As for trust to combat reports (the more high level is differ because of official propaganda methods depending on the country) - from my experience and knowledge it is impossible to say that Soviet reports were more truthful than German, Finnish, British, etc; and vice versa. The most interesting case if you have two reports from both side about the same combat (I compared several Soviet, German and Finnish pilot reports on Baltic, for example) - in such a case such reports add info to each other and you got a full picture of event, you also understand the reasons of mistakes/incorrectnesses of participants. So I am disagree when European sources sometimes claimed (generally) Soviet reports as incorrect as well as even very good Russian historians mention sometimes (generally) German reports as incorrect and Finnish combat as "truthful" (in quotes). The only main problem is combat experience and discipline of those persons who wrote the reports after combats.

Tompuri wrote:
The political system in USSR didn't encourage people to write truthful reports but those that their superiors wanted to read.

No, you confuse things a lot. According to such logic you can just leave the home base, fired all torpedos and reported about several victories :lol: You should read more info in modern memoires of veterans (published by Artem Drabkin, the friend of Bair), for example. The Soviet system prohibited (didn't encourage is a very light term for this) to discuss the unfavourable truth on public [this includes propaganda literature, of course] but all sources for the internal office use [as reports] must be as much truthful as possible (one of the reason that NKVD archives in Russia don't have the full access even now), the leaders of dictator state should know all the truth in their country to know how to rule. Do you know that many reports to Stalin during the Winter war was returned back with his signature - "To check ones more and report me again". Official propaganda literature and radio reported to population differ things during WWII than units and HQ reports, of course. Interesting case is local army newspapers which aim was to increase the morale of soldiers, several very strict orders of high-level commissars are known to their editors with the ask to describe the combats not in very propaganda style but close to the real facts because soldiers who participated in those combats directly read such newspapers also. But, of course, the only good sources is original log-books and reports.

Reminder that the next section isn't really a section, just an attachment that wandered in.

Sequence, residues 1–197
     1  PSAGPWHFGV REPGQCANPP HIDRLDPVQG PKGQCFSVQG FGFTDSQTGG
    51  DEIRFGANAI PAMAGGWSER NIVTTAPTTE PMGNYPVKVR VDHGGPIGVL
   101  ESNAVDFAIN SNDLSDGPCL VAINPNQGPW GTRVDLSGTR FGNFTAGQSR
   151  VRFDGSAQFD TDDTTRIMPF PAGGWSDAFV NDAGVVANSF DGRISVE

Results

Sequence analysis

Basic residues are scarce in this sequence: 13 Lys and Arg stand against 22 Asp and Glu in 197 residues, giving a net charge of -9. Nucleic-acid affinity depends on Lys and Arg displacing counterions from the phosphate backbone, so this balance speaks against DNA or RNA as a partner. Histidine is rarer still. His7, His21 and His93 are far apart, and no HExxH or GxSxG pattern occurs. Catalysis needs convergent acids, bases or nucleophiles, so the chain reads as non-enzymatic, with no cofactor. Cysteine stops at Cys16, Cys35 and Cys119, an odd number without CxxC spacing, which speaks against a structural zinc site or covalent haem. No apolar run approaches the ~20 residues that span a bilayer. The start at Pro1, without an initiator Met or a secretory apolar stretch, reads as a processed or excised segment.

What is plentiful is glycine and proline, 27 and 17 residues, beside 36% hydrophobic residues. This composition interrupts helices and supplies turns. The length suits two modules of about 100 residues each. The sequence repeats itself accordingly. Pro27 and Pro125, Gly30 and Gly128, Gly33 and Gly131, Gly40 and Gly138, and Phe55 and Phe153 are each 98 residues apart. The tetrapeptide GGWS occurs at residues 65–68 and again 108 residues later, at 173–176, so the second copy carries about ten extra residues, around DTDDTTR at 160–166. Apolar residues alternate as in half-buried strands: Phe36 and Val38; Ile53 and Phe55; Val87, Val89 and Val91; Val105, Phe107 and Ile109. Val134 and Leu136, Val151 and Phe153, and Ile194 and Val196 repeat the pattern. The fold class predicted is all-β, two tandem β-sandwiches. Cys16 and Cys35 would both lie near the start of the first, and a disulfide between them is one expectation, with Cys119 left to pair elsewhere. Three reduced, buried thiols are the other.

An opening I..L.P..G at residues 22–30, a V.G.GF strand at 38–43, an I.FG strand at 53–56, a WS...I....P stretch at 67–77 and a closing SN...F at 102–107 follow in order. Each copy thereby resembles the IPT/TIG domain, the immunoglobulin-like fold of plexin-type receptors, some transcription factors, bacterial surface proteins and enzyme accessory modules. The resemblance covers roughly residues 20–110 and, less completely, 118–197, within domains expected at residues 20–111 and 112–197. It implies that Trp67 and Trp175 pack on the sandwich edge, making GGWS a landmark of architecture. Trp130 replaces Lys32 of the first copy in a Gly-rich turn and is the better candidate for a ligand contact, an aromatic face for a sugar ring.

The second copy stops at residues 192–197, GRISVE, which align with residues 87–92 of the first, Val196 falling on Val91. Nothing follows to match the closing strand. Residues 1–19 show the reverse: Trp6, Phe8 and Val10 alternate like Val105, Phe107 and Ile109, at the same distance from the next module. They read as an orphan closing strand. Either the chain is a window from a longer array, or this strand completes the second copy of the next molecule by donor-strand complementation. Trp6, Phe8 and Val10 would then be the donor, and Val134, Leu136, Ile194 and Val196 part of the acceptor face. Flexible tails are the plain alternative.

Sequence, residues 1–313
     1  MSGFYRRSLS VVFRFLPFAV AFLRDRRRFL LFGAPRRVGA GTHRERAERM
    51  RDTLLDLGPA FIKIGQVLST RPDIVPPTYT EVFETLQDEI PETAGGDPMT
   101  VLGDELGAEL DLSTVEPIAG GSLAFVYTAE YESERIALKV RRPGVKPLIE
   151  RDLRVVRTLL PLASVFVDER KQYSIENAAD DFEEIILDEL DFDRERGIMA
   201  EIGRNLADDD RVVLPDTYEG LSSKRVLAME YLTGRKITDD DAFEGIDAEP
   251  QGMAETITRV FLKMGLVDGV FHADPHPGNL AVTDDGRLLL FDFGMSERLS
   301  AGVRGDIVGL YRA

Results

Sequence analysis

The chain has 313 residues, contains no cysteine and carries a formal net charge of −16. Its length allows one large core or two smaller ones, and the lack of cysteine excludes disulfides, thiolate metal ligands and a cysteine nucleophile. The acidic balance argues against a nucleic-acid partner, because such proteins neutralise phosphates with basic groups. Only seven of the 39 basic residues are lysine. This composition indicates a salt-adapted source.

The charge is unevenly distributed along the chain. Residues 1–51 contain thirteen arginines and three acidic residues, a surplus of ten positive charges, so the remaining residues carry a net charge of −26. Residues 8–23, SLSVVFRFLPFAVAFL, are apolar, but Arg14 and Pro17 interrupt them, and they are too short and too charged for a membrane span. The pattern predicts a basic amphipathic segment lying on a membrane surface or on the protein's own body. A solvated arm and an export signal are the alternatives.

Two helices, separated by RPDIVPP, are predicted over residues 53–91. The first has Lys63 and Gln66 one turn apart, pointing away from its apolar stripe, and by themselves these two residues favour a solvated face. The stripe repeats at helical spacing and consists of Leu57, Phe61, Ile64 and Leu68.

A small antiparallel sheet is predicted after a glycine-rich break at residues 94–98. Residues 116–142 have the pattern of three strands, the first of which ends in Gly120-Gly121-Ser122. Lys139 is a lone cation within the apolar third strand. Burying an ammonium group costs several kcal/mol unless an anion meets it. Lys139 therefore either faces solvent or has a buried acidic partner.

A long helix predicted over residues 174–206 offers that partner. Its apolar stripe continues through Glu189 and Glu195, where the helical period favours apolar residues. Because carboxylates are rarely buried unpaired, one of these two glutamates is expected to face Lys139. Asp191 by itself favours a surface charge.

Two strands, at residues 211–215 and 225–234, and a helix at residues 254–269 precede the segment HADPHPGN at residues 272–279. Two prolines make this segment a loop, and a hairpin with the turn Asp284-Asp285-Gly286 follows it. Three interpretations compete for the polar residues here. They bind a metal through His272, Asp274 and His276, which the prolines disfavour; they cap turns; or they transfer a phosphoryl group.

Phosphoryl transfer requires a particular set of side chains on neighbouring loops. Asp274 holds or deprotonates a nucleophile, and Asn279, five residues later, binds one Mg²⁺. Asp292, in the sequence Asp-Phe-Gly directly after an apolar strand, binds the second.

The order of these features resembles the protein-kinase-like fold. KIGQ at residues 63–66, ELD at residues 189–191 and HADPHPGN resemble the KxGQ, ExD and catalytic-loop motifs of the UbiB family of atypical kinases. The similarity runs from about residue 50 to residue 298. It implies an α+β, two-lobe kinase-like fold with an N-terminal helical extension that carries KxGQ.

So as for veterans (I read about pilots mainly) - all of them mention that punishment for falsifications were very strict as pedantic NKVD officers inspected this too much, the most hard missions were to drop paratroopers behind enemy lines to partisans as partisans or resistance members in towns should inform the HQ that they met paratrooper [sometimes it took 2-3 months until the confirmed info arrived to HQ], otherwise the pilot was accused by NKVD officers that he dropped the paratroopers over the enemy territory and consequences you can imagine. So navigators tried to mention every detail in their reports for the case of possible detailed investigations. And another very important reason [and often the main one] - style of life, discipline and thinking of those persons who participated in every day combats and missions during the bloody war for their country [Great Patriotic], they hated those who tried to survive using all possible methods as avoiding the combats or reporting about nonexistent problems with engines, for example; and/or would like to get the easy awards making attempts to mention victories unconfirmed by ground units, and the hate in the community (especially in the army during the war) is a very hard thing, there was an extremelly small amount of traitors/falsificators etc. among those men who participated for some period of time in direct combats already, especially in technical units (navy, aviation, tank); every veteran mention this. Mainly the pilots didn't send the info to NKVD [as combat men didn't like those who sit in the rear, make nothing for victory and have a big power also] about such persons but taught them themselves. The discipline and morale in rear units was very differ often in comparison with combat units [ask those people who lived in Germany under Soviet rule in spring-summer 1945, I know a lot]. Once I would like to summarize the info from modern interviews with Soviet veterans about their opinions about combat reports and how strictly they checked as Drabkin asked almost all of them - "Have you ever heard that somebody wrote intended incorrectnesses in such reports that time?"